High school is a very exhausting time for many teenagers. As the tide of homework keeps rising, they are pushed to their limits both mentally and emotionally. A significant amount of students need a chance to unwind before entering another four years of stress. According to Quartz, mental health issues on college campuses are on an upward trend; nearly one-third of college students are now diagnosably struggling with anxiety and/or depression. Taking a gap year is thought to be one of the best ways to avoid dealing with these harsh mental illnesses in college. Besides this, there is significant data proving that gappers perform at higher academic levels than their more traditional counterparts. A study conducted at Middlebury College in Vermont, and University of North Carolina Chapel Hill show that those who took a gap year held a 0.1-0.4 higher GPA (on a 4.0 scale) than those who did not. Many parents think their child will lose their academic knowledge and struggle once they return to school, but most times a much needed break will foster better grades by refreshing both a student’s brain and their work ethic.

Get a second chance at your dream school-

It happens every year to many high schoolers; they slave over their ivy league application, crossing their fingers that after four years of non-stop hard work they have earned a spot in their dream school, only to find out that less than 10% of applicants are accepted. Those students then have to decide from a plethora of less appealing schools and sludge through a year or two before trying to transfer to their original top choice. Luckily, there lies another option; taking a gap year. This offers students a chance to re-apply in a year’s time, likely get accepted after polishing up their application, and avoid wasting thousands of dollars on a school they don’t really want to attend. Equipped with new skills, many re-appliers will find themselves successful as universities highly value having gappers on their campus. This is why many (high-level) colleges offer acceptees a one-year deferral that acknowledges their acceptance, but delays it by a year, giving the student an opportunity to pursue a gap year free of worry over their future. The AGA website offers a list of colleges in each state that offer deferrals.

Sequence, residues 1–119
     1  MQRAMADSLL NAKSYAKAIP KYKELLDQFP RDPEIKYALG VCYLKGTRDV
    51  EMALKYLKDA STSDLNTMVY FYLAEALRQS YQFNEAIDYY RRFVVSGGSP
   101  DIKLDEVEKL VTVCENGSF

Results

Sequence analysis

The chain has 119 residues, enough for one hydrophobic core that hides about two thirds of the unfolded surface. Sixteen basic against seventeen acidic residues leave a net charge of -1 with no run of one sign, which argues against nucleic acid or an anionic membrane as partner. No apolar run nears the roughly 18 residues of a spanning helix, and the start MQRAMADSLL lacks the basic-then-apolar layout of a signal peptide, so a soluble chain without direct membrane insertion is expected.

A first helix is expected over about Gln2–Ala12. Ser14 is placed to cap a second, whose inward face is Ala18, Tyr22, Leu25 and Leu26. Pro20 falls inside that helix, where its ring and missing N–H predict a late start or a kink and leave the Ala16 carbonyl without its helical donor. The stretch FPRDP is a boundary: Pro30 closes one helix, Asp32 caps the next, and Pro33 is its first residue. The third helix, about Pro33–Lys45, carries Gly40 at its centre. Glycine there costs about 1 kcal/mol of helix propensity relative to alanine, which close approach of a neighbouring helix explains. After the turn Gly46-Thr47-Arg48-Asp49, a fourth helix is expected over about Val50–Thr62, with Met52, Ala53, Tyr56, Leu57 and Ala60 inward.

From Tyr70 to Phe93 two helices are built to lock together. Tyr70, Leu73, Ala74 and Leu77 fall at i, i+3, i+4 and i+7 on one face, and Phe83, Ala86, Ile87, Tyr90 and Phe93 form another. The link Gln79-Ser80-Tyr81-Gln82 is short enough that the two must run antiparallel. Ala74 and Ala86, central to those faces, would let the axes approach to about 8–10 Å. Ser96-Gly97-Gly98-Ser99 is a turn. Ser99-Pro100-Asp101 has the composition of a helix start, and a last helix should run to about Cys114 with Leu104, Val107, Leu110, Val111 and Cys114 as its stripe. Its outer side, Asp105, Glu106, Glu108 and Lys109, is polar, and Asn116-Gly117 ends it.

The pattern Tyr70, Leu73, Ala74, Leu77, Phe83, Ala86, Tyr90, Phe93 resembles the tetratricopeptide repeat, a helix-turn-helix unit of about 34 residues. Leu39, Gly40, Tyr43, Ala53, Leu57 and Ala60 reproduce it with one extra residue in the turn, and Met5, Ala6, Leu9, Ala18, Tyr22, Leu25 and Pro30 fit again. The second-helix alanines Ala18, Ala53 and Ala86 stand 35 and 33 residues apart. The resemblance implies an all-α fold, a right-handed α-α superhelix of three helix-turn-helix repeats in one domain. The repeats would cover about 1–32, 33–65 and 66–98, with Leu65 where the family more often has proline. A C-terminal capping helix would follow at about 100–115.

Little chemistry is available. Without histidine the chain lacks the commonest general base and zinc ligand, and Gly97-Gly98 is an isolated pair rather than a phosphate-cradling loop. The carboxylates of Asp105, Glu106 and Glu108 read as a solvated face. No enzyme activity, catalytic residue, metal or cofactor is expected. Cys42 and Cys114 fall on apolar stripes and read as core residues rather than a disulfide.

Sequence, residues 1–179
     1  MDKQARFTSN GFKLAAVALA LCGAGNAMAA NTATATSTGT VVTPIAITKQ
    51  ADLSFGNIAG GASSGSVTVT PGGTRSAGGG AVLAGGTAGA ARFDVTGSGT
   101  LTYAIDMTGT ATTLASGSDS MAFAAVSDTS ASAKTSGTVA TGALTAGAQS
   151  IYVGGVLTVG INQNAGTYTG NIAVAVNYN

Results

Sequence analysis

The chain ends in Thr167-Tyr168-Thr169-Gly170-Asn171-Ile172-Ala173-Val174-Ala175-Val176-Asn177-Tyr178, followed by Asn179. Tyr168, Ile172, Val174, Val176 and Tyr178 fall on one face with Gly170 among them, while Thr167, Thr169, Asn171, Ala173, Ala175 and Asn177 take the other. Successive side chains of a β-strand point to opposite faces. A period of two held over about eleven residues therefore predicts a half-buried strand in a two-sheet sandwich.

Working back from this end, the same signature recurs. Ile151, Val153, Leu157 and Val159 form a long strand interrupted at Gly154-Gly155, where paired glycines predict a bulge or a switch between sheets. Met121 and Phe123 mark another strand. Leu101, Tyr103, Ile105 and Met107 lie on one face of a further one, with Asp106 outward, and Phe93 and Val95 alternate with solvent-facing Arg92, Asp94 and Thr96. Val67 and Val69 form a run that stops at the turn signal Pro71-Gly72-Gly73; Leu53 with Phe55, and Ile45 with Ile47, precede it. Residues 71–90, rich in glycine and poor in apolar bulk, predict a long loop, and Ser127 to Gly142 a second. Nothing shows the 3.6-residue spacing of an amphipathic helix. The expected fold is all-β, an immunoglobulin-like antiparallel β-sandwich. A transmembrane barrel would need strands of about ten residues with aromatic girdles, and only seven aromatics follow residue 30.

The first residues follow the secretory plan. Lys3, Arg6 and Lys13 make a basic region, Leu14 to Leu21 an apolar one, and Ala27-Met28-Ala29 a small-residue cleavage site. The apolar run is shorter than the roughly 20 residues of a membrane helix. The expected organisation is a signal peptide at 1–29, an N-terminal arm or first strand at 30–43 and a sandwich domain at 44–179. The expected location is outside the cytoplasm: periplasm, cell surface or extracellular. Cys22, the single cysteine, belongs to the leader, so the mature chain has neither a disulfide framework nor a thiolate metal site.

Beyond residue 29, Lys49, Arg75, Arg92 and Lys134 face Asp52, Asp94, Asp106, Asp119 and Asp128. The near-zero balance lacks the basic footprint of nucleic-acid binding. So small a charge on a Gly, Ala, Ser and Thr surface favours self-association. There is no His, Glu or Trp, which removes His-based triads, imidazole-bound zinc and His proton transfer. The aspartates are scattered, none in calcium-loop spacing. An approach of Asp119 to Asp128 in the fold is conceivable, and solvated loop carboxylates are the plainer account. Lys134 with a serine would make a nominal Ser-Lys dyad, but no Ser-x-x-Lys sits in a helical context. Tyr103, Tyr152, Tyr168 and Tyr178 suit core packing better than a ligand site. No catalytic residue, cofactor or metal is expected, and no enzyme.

Still, it would be ignorant to completely ignore the few downfalls that might occur. Most of the common concerns presented about gap years have easy solutions, but it is still important to consider them as a reality when looking to take a gap year.


If you are the type of gapper who chooses to travel, pursue another pricey activity, or sign up with a gap year program, cost is of great importance. Gap year programs are pre-scheduled, often abroad, experiences that last for about a year. While it takes the stress of planning off of students, it places the burden of money on their shoulders. The average cost of a gap year is often upwards of $4,000, sometimes reaching up to $10,000, with the highest level programs landing at $30,000. This cost added atop future college tuition is a huge concern. In fact, many deem becoming a gapper as an upper class luxury.

Stress and uncertainty-

For those high schoolers that spent their four years meticulously note-taking, organizing binder tags, and utilizing color coded highlighters, the uncertainty and instability that often accompanies a gap year may be a little too much for their usually perfectly planned lives. Many may also feel left behind as their friends are packing for college and moving into dorm rooms, while they miss the fun and excitement of heading off to university with their class. In these cases, a gap year intended to help them grow and destress may do just the opposite. For some, a gap year just isn’t realistic and will hinder their mental state. Students need to make sure they really want to choose this path, no one wants to be six months into their gap year and filled with regret.

Deterrence from desired path-